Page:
Several special pages on MetWiki contain lists of pages, including "Most Wanted" (articles that are linked to by other pages, but do not yet exist), "Orphans" (pages that exist, but are not yet linked to), "Most popular" (pages that have been viewed the most times) and "Stub Articles" (very short pages that could use expanding). These lists are helpful for contributors who need help finding a place to start. A stub article could be expanded, or a wanted page could be created. Links to other pages show up in different colors depending on whether or not the page exists.

New articles can be written on any topic related to metallurgy. As this is written, five articles on the "Recent Changes" list are: Bacterial Oxidation, Tailings, Bayer Process and Coal. If you need an idea for something to write, try writing an article on an operation you know public information about, a page on equipment control philosophy, or some laboratory testing procedures. With MetWiki, you never have to face a blank page, since you can always contribute to something started by someone else.

Articles must be written from the "Neutral Point of View," which means that the writing must be impersonal and non-biased. For those writers wishing to state personal opinions on issues, a personal page in the People section is available. Many controversial issues are written about, however all major theories can be presented, and writers do not draw conclusions about matters of opinion.

Some people are skeptical that the wiki process actually works at all. Two of the biggest objections include the possibility of vandalism, and the possibility of incorrect information. It certainly is possible that pages can be vandalized, since any Internet user can edit them. However, the system keeps old versions of the pages, so if vandalism is detected, another user can simply revert to an older version of the page. There is a list of "Recent Changes", or most-recently edited pages, which many users habitually scan. The second objection is a little more substantive, but is still not a critical problem. As more and more people read a page, there is a greater chance of an error being detected. Since correcting errors can be done very quickly, the general accuracy of pages increases over time.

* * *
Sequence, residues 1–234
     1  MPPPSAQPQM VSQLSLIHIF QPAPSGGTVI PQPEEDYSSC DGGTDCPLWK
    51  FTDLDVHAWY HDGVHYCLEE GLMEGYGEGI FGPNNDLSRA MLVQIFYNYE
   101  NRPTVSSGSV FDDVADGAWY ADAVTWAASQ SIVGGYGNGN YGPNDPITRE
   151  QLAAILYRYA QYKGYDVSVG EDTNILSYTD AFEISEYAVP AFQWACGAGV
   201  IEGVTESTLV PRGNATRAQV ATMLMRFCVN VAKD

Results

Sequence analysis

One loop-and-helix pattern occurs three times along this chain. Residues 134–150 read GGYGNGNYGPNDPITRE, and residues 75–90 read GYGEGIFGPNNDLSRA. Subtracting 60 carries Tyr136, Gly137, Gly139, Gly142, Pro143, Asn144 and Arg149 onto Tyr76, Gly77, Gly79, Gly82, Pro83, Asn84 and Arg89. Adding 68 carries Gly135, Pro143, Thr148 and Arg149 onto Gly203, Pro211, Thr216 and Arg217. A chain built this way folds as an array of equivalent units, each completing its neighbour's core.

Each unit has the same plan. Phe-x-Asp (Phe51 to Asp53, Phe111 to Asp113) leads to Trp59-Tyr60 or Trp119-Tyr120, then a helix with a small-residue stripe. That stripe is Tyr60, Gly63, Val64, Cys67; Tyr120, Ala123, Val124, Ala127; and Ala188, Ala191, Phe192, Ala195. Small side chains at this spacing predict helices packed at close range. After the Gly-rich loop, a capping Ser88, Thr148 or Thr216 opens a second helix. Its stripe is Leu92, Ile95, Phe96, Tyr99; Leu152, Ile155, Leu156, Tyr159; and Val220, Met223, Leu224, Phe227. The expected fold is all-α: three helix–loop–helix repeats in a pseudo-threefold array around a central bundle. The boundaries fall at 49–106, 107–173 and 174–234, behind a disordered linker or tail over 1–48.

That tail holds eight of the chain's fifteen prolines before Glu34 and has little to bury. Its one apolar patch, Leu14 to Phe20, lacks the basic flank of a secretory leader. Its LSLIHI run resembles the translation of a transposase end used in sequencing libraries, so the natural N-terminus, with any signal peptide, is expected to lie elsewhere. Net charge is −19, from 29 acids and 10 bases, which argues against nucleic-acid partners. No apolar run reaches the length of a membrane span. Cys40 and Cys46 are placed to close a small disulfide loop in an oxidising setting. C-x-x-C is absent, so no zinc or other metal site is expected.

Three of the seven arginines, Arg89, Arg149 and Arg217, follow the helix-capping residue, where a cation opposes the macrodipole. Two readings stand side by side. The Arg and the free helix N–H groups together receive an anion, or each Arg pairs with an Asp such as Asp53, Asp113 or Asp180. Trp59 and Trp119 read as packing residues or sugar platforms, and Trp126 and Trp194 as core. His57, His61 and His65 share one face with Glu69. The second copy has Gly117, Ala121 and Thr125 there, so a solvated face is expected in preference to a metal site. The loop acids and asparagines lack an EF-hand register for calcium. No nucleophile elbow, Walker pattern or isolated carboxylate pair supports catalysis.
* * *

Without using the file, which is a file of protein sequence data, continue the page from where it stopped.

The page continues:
The web site itself is owned by Transmin, an extractive metallurgy consultancy, although they do not own the information, due to the open licensing of the content. It's their goal to raise its profile to the point that it can run by an independent entity. One of the most important factors is to ensure that who ever controls MetWiki leaves it 100% free and open on the internet.

The best part about MetWiki is that it is growing all the time, both in quality and quantity. A positive feedback cycle helps to ensure that MetWiki continues to improve: as more articles get written, more people come to the site. A certain percentage of those people will contribute to articles, or create new ones.

It should be noted that all material added to MetWiki is released under the GNU Free Documentation License, which gives other people the right to copy, distribute and modify the information. All writing is done on a volunteer, uncredited basis.

If you happen to be looking for a quick and powerful way of contributing some of your knowledge to the greater good, head over to www.metwiki.org and write an article or two. See you there!